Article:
I just read that Atlantic review of the new Bill Frisell album. It mirrors a lot of my own review (LINK).  Also, it’s not a jazz album, and I think Frisell has gotten to where it’s probably not even accurate to refer to him as a jazz musician.  He does his own thing and he sort of transcends genre classification.  Yes, he got his start in Jazz, and we can claim him as “one of our own,” but not sure it’s applicable to a why is everyone hating jazz theory (too lazy to hyphenate that thing).

But Frisell, after a career of inventive, massively creative music, has really hit a lull with his last few albums.  Me, personally, I have strong feelings about his music, good or bad.  That’s how it is.

Jazz is the Worst is not very funny on Twitter, though I definitely enjoyed both of his blog posts.  I believe that kind of development has more to with a natural blowback against the JazzBro phenomenon.  Unsurprising.

The problem with the defensiveness some of us feel from the “inaccuracies” in columns like the Deadspin one are that, one, it doesn’t represent how we feel or behave, but, two, it does reflect a backlash against some jazz fans who do fit the stereotype of snob/condescending asshole.  Like any general group of people, Jazz Fans is comprised of a wide array of people, and some of them are total pricks.  We do what we can to ignore them or change them or shout them down.

But I sure as hell don’t deserve to have their bad behavior attributed to me.  And I get pissed off when my hard work to change peoples’ opinions on the approachability of jazz are shot down by some knucklehead working for a large media outlet spewing off his witless generalizations about something he or she hasn’t bothered to research and develop a familiarity with.

I believe that I make a welcoming environment for people to explore modern jazz.  Unfortunately there are some people who use their knowledge of jazz as a weapon to hammer into other people the idea that they’re stupid for not knowing something.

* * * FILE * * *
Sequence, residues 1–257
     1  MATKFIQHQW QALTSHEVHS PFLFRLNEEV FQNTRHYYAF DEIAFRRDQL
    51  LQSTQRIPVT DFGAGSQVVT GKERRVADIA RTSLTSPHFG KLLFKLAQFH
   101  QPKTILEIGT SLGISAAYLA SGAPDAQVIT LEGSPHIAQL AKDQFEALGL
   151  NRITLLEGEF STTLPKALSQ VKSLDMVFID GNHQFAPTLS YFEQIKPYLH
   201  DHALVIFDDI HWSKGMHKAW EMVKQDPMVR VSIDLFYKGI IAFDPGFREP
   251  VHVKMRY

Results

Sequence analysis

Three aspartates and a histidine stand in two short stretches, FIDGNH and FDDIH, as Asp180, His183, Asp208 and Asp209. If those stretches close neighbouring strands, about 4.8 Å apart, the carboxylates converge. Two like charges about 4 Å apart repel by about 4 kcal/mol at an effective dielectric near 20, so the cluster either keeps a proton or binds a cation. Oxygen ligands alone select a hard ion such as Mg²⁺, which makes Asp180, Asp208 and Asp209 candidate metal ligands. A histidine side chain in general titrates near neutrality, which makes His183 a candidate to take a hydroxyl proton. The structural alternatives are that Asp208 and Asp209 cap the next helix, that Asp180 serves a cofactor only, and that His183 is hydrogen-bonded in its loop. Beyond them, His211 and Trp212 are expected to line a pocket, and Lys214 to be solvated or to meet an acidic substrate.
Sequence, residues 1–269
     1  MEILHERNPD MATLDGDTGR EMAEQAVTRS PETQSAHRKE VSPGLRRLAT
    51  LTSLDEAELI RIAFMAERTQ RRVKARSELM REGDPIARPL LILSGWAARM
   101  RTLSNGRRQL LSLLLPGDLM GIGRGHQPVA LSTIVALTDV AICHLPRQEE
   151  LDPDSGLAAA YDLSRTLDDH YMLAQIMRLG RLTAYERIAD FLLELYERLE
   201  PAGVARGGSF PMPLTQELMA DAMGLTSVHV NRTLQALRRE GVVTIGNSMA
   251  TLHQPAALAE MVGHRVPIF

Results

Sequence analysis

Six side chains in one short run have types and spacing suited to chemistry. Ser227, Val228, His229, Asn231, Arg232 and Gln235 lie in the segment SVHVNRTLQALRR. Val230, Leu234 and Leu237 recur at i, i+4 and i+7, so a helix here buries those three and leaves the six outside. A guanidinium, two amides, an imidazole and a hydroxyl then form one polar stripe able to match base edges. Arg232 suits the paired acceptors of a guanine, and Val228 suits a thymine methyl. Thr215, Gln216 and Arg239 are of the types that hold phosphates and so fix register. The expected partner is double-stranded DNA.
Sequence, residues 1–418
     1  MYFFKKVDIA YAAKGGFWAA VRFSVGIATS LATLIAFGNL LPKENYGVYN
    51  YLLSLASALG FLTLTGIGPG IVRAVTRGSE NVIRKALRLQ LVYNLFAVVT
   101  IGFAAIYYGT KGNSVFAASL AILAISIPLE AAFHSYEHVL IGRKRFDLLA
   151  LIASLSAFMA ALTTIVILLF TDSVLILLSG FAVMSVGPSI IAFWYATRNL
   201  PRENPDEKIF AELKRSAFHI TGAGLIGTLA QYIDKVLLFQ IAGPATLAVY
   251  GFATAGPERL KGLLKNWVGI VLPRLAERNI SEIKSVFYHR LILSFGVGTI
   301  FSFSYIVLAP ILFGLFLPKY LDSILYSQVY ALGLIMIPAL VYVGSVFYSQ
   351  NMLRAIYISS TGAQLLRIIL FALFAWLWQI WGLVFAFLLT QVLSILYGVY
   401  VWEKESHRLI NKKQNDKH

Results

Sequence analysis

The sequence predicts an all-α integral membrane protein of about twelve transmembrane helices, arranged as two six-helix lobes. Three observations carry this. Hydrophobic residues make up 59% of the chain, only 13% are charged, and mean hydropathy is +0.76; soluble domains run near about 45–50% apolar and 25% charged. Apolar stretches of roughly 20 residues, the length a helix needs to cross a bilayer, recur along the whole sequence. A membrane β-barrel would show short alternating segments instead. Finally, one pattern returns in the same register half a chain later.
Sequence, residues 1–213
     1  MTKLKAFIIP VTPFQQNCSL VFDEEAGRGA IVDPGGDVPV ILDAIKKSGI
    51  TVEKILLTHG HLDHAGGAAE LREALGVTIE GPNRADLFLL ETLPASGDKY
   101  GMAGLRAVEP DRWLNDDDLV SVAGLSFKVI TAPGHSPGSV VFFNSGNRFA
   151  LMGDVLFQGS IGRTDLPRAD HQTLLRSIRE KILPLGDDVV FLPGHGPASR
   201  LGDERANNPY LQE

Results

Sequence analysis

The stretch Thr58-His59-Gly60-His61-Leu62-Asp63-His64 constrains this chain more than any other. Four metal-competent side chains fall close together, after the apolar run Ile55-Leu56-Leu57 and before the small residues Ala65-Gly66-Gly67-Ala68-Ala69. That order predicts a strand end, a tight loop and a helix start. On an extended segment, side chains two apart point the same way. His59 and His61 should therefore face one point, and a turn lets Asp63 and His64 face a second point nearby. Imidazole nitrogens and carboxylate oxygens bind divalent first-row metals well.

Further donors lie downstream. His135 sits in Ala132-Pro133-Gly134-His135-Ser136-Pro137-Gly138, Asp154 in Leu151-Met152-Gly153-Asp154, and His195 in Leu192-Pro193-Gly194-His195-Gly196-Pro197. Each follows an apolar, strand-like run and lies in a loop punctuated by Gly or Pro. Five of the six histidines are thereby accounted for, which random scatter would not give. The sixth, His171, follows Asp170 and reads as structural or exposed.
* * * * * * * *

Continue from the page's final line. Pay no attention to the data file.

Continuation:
Of course people are going to prematurely dismiss something when they expect to be called stupid.  They are going to hate the haters first.

What I don’t like is that these columns calling out “jazz fans” for behavior is attributing the behavior of the worst of us to the group overall.  Fuck that.  I don’t want people to feel stupid for not knowing things about jazz.  I want them to experience the excitement of getting familiar with it, discovering new music, discovering music that brings them happiness.

It’s the whole reason I have this site.  I absolutely love discovering cool new music.  I want to be able to help others do the same.  I want to help guide people to music they may like.  They won’t like all of it and that’s okay.  If I find one album a month that makes me wonder how I got through life without it, that’s a pretty big deal.

Okay, I think I’m out of steam on this one.  I’ll add more if it comes to me, but I think I got that out of my system.

Here’s where you can follow me on Twitter-> LINK.

And here’s a song I like from a 2014 release.  It’s by Angles 9, and you shouldn’t be surprised if it ends up in my Best of 2014 list…


You can read my recommendation of their 2014 release, Injuries, here, at Bird is the Worm.

Have a great Sunday!